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Ann Emerg Med. 1997 Jun;29(6):725-30.

Radiographic detection of gravel in soft tissue.

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Emergency Medicine and Trauma Center, Methodist Hospital of Indiana, Indianapolis, USA.



We sought to quantify the detectable size of varying compositions of gravel using a cadaveric chicken leg wound model and standard plain-film two-view radiographs.


We conducted a randomized, blinded, descriptive study with the assistance of faculty from the emergency medicine and radiology residency programs of a private urban teaching hospital. A standardized wound was created in each of 160 cadaver chicken legs. Zero, one, or two pieces of gravel of four differing compositions, ranging in size from .25 to 2.0 mm, were inserted into the wounds as determined with computer-generated randomization. The legs were then radiographically imaged (anteroposterior and lateral views). Three faculty physicians independently interpreted the radiographs to determine the number of foreign bodies and rated the ease of visibility. We calculated sensitivity, specificity, and interobserver reliability.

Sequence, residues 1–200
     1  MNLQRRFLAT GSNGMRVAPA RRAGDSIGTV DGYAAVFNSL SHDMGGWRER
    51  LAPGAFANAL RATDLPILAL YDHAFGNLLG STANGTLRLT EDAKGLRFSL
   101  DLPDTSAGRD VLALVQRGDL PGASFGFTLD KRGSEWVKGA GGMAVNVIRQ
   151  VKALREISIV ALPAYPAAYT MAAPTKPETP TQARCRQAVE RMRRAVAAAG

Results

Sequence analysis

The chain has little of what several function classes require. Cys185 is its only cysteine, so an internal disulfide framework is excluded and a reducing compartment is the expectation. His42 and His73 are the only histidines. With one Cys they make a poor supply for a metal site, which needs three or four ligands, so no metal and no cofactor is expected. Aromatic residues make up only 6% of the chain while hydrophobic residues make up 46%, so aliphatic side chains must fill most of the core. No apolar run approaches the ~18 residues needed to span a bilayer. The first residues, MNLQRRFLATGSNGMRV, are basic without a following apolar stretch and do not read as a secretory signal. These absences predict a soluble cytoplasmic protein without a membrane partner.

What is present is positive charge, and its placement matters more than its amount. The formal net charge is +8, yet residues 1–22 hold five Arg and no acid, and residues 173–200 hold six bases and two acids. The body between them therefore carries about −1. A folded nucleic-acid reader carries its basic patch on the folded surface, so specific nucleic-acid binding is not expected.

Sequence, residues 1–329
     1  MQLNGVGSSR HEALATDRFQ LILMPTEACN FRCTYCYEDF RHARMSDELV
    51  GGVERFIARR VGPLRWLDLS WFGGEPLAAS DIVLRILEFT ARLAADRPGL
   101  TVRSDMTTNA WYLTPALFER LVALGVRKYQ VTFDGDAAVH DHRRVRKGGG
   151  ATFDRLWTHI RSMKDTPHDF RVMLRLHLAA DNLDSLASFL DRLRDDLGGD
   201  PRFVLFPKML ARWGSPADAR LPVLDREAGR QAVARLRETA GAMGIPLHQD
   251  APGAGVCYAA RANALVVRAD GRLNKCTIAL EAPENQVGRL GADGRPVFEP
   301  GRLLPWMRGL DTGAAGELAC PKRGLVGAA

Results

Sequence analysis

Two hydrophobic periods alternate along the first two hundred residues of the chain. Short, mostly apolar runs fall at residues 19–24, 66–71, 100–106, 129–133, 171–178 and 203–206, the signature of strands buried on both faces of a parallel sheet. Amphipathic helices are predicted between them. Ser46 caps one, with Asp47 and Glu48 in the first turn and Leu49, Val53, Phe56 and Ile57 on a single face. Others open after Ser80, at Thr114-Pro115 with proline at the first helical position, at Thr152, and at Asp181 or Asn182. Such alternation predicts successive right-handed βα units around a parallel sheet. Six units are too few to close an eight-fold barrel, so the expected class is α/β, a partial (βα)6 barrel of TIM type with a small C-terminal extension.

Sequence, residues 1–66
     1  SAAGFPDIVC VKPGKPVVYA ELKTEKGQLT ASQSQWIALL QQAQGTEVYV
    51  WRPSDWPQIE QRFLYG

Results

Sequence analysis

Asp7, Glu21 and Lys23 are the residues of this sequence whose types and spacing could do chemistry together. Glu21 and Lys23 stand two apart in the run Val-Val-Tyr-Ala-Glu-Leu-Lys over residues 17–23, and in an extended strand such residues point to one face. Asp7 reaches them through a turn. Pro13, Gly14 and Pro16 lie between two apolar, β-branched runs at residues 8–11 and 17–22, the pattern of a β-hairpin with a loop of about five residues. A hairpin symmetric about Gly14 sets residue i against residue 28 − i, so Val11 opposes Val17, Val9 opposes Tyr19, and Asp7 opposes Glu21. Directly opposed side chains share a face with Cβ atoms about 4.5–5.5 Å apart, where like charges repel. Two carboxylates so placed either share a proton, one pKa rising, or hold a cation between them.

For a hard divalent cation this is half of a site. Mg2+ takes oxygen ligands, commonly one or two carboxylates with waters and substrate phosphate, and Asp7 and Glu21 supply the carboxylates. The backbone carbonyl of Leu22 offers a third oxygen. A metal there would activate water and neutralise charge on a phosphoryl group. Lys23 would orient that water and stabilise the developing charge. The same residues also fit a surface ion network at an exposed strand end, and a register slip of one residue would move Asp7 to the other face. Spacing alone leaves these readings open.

The accuracy with which gravel was detected ranged from an average of 97.7% for 2-mm and 1-mm particles to less than 75% for .5-mm and .25-mm particles. Visibility ratings were also lower for particles in the smaller ranges. Sensitivity was greater for the emergency physicians than for the radiologists, but their specificity was lower. Salt-and-pepper gravel was the most easily identified foreign body.


In this wound model, gravel particles of less than 1 mm were not accurately identified.

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